This event is cosponsored by the Project on Middle East Democracy (POMED) and the Emerging Democracies Institute (EDI).

Tunisia has recently completed the historic milestone of approving a new constitution, representing a remarkable achievement of consensus-building in a difficult climate of political polarization. This important step has also been accompanied by an unprecedented peaceful transfer of power from the Ennahda-led government to a caretaker government. Despite this momentous progress, however, enormous challenges remain – both on the economic and political sides.

At this critical juncture in Tunisia’s transition, what obstacles lie ahead in implementing and solidifying democratic rule? What role can the United States play in aiding Tunisia economically and politically? And what opportunities exist for the international community to cooperate with Tunisia to help it serve as a model for the rest of the Arab world?


William Roebuck
Deputy Assistant Secretary,
U.S. Department of State

His Excellency M’hamed Ezzine Chelaifa
Ambassador of the Tunisian Republic
to the United States

Emna Jeblaoui
Former Advisor to the President of the Tunisian National Constituent Assembly
for Civil Society and Democratic Dialogue

Stephen McInerney
Executive Director,
Project on Middle East Democracy (POMED)

Moderator: Reuf Bajrovic
Emerging Democracies Institute (EDI)

Wednesday, February 26, 2014
3:00 pm – 4:30 pm
Carnegie Endowment for International Peace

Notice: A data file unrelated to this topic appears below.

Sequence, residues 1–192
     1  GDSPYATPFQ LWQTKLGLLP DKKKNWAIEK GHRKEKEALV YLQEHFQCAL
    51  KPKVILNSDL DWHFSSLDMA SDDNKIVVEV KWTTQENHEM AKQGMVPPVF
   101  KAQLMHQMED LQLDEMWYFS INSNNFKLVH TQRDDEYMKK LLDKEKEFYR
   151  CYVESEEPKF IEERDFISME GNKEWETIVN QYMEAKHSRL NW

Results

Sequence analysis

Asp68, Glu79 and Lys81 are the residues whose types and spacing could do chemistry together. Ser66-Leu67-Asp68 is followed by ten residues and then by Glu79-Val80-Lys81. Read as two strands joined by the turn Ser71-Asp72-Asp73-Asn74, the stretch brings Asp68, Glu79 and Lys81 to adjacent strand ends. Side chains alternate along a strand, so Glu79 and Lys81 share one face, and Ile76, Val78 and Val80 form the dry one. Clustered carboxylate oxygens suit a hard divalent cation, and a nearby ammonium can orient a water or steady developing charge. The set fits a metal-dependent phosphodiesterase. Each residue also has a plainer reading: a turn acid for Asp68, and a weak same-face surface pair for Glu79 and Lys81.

1779 Massachusetts Ave. NW

For a summary of the event, continue reading below or click here for a pdf. 

Reuf Bajrovic opened the event by describing the current situation in Tunisia. Bajrovic said that Tunisia is undergoing dramatic changes and that it’s “landmark” constitution gives hope to people in other countries affected by the Arab Spring. After Bajrovic finished his introduction, he introduced the rest of the panel members— M’hamed Ezzine Chelaifa,William Roebuck, Emna Jeblaoui, and Stephen McInerney.

M’hamed Ezzine Chelaifa started by saying, “It’s good to be a Tunisian ambassador these days in Washington.” He spoke about Tunisia’s “historic breakthrough” in establishing a democratic, non-partisan government with an electoral board and a liberal, secular constitution. Chelaifa cautioned that Tunisia’s democratic transition “remains unfinished and fragile and needs to be protected.” He acknowledged that the way forward will have risks and challenges. On the political level, Chelaifa suggested that the people work to keep the “spirit of dialogue alive.” He also mentioned the necessity of having free and fair general elections. In terms of security challenges, Chelaifa spoke about terrorism and the proliferation of weapons from neighboring countries. Lastly, Chelaifa spoke about Tunisia’s economic and social challenges, saying that the real challenge for the next government is going to be balancing long-term reforms with the immediate social demands of the people. Chelaifa then discussed the U.S. role in Tunisia, saying that Americans have a stake in Tunisia’s success and that the two countries should work together to foster a strategic partnership that is “program based” and “results-oriented.”